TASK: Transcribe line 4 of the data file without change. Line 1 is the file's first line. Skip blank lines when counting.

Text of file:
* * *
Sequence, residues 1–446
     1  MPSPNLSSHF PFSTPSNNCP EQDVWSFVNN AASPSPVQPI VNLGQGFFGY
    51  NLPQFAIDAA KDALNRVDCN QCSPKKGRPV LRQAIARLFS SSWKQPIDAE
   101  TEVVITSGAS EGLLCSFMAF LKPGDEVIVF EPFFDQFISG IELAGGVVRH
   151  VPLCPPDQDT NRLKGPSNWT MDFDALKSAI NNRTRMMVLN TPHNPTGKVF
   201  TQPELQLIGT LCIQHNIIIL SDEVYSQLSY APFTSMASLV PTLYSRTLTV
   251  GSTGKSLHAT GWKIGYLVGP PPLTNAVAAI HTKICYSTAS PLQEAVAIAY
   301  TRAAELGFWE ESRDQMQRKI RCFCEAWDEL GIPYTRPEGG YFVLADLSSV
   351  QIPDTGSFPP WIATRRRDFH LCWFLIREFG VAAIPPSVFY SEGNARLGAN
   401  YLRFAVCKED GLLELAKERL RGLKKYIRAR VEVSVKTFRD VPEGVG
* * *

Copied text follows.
   101  TEVVITSGAS EGLLCSFMAF LKPGDEVIVF EPFFDQFISG IELAGGVVRH